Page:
Black-owned vegan restaurant finds success in Milwaukee amid pandemic

Twisted Plants co-owners Arielle and Brandon Hawthorne announced plans to open a second restaurant location on Milwaukee’s Brady Street

The first time the Twisted Plants food trailer made its appearance on the streets of Milwaukee, the trailer disconnected from the hitch.

The second, the grill tipped over.

That was in 2019, and what began as a food trailer specializing in plant-based comfort food operating on the weekends has become a successful business for co-owners Arielle and Brandon Hawthorne, who this month announced plans to open a restaurant location on Milwaukee’s Brady Street.

Their second location follows the success of their first brick-and-mortar restaurant in Cudahy, Wisconsin – a town of about 18,000 that is just south of Milwaukee. The new location could open as soon as April.

Customers’ smiles and positive reviews keep Twisted Plants co-owners Brandon and Arielle Hawthorne motivated. “I like to see people smile,” Brandon says. “I like to see people appreciate what you bring to the table.” (Photo courtesy of Twisted Plants)

“It’s still kind of unreal that we’re on our second location already,” Arielle Hawthorne told theGrio. “I never imagined that Twisted Plants would have such a huge impact on the community.”

Twisted Plants’ beginnings

The Twisted Plants food trailer quickly became a success after it hit the streets of Milwaukee in spring 2019. Word quickly spread throughout the community, and more and more people wanted to try their loaded fries, vegan burgers and sandwiches made entirely from plants.

That led the couple to sign a lease for the Cudahy restaurant in March 2020.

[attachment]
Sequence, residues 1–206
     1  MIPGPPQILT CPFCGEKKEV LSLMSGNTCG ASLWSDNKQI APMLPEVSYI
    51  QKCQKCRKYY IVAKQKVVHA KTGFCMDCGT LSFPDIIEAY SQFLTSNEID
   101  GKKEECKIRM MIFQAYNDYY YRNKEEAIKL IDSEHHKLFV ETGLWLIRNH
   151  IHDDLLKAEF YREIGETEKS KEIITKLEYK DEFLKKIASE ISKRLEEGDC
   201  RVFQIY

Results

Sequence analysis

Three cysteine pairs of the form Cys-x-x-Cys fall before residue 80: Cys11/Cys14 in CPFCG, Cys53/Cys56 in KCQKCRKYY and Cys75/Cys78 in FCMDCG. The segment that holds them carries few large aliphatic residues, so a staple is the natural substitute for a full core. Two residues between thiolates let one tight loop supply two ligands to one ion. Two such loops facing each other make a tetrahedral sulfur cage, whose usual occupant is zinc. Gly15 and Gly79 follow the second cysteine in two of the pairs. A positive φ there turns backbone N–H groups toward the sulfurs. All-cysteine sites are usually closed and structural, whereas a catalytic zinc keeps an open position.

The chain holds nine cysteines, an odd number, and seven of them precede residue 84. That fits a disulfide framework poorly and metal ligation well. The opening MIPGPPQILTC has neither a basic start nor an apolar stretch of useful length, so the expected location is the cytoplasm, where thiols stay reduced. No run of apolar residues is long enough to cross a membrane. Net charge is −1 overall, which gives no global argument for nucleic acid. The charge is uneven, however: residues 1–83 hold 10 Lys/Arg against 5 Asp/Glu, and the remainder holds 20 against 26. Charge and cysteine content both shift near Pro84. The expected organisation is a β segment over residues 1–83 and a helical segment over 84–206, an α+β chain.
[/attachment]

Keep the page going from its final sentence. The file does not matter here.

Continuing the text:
“There was a lot of fear just because we didn’t have any true restaurant experience prior to opening,” Brandon Hawthorne told theGrio.

A few weeks later, before they could open their doors to customers, COVID-19 lockdowns began.

The Hawthornes persevered, kept afloat by a staff of friends and family, and a lot of curbside pick-ups.

“The community came out and showed a lot of love,” Brandon said. “We saw people come every week; that’s how I know customers by name. They supported us throughout the whole pandemic.”

Raising awareness

Arielle’s 2016 lymphoma diagnosis led her to research healthier ways to eat. She became a vegetarian and later decided to eat a fully vegan diet. Brandon became a vegetarian.

She realized that when she went out to eat in Milwaukee, there weren’t many vegan options. As she deepened her knowledge of vegan cooking at home, she knew she wanted to share how delicious plant-based foods could be.

“I’m like, ‘Other people would love this food, especially with there being a shortage of (vegan options) in this area,’” Arielle said.

It’s important to the couple to spread awareness of the benefits of a plant-based diet on the environment and people’s health.

“We educated ourselves by watching videos and reading articles because nobody in our personal lives was even thinking about going vegan or plant-based foods or anything like that,” Arielle said. “We actually introduced a lot of people to that way of eating.”

Community outreach remains high on their priority list. They hope to work with other local businesses that share their views, as well as speak to schools and local organizations about the benefits of a plant-based diet.

For example, Twisted Plants has worked with Teens Grow Greens, a Milwaukee nonprofit that helps teenagers develop life and leadership skills, the Hawthornes said.

“If I had somebody else telling me, ‘No, that’s not the way you have to eat,’ I probably would have switched (to a plant-based diet) a long time ago,” Brandon said.

Fueled by passion

As business owners who have been navigating the effects of a pandemic on their operations and parents of children ages 10, 5 and 2, the Hawthornes work at remaining positive through hectic times. Their advice: don’t wait to follow your passion.

“If you feel passionate about something, I feel that when you start doing what you’re supposed to be doing, then everything will fall into place,” Arielle said.

Quinn Clark is a graduate student in the Medill School of Journalism’s investigative lab. Quinn was a freelance reporter and photographer in Milwaukee, covering grassroots activism and local politics. You can follow her on social media @Quinn_A_Clark.

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